Labour leader Ed Miliband says he will end tax rules that allow the wealthy to reduce the amount they pay the government on money earned overseas, if elected in May. But changing the centuries old law could prove both popular and controversial, as Joel Flynn reports.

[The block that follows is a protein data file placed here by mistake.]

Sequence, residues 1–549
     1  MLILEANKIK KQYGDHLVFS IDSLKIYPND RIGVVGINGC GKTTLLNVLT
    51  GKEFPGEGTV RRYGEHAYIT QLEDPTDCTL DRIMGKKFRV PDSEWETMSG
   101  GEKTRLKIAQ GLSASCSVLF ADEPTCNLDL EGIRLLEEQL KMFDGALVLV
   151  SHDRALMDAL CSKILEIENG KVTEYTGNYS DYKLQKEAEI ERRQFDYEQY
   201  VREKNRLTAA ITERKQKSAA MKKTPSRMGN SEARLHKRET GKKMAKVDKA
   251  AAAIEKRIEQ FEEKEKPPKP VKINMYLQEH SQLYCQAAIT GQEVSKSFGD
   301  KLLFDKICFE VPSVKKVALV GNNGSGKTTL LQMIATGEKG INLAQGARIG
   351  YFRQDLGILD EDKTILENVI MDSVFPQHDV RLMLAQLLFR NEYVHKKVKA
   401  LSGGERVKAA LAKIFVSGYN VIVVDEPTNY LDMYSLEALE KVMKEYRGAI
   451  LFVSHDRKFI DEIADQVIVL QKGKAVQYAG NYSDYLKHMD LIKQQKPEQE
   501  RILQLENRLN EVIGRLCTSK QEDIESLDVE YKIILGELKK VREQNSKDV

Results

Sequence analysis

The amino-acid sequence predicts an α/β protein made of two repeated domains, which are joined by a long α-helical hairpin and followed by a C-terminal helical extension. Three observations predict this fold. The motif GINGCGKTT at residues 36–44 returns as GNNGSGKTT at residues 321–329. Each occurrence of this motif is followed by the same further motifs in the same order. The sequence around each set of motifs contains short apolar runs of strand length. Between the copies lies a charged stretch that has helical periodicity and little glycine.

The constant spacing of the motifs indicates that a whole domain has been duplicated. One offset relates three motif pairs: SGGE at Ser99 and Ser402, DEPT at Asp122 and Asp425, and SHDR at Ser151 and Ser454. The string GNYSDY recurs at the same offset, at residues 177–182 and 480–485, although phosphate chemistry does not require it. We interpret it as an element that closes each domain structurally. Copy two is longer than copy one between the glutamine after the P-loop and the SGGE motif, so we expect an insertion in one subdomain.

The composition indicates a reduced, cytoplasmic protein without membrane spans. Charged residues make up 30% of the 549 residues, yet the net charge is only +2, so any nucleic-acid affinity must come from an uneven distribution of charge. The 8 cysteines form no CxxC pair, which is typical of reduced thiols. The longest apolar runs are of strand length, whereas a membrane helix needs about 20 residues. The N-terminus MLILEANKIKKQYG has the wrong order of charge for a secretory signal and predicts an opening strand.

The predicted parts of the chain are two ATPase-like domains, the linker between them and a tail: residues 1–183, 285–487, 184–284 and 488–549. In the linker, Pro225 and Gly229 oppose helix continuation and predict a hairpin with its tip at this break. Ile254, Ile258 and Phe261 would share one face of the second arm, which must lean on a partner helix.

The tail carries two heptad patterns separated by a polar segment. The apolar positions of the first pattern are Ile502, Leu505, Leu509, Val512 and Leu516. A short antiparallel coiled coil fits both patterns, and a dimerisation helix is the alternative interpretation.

What is fair taxation? That's the perennial question facing politicians - especially come election time - and it's one Labour leader Ed Miliband has thrown right into centre stage. He's said he plans to close a controversial loophole for wealthy individuals with earnings abroad. SOUNDBITE: Labour leader, Ed Miliband, saying (English): "Why should people be able to enjoy all of the virtues of our great country and not pay tax like everyone else. Why should there be one rule for some people and another rule for everybody else. It isn't fair, it isn't just, it holds Britain back and we will stop it." So-called "non-domiciled" residents are currently allowed to avoid paying income tax on money made outside the UK. The problem is that some use the rule to avoid more than they should. It's been in place since the 18th century, but modern proponents of it say some tax on those based off shore is better than none. Not everyone in London agrees though. SOUNDBITE: Auditor, Chantal Badenhorst, saying (English): "It's ridiculous. Like it's legal, but I feel like they're avoiding tax." SOUNDBITE: IT Consultant, Mark James, saying (English): "If the parties in question are clearly residing in this country, spend a certain number of days per year working in this country and work for a company that's based here, then clearly their earnings are in the UK." SOUNDBITE: Electrical engineer, Delroy Campbell, saying (English): "Whether its tax or whether its law, or whether its a rule that you create, there's always someone looking to find a workaround." Labour hope this could be one policy that will help them get elected on May 7. But in a BBC interview with Ed Balls in January, the shadow finance minister suggested it might not necessarily be a good idea. The Tories meanwhile have called Labour's plans "a shambles". Breakingviews' George Hay. SOUNDBITE: Reuters Breakingviews' Columnist, George Hay, saying (English): "It's not going to be very difficult for the richest people in the world to decamp somewhere else. However I would say the bottom line is it is a good idea, because at the end of the day where are these people going to go, because it's a global thing, it's a global kind of reaction against tax avoidance, even legal tax avoidance." They might have had a couple of hundred years of tax incentives. But now non-doms in the UK could be running out of time.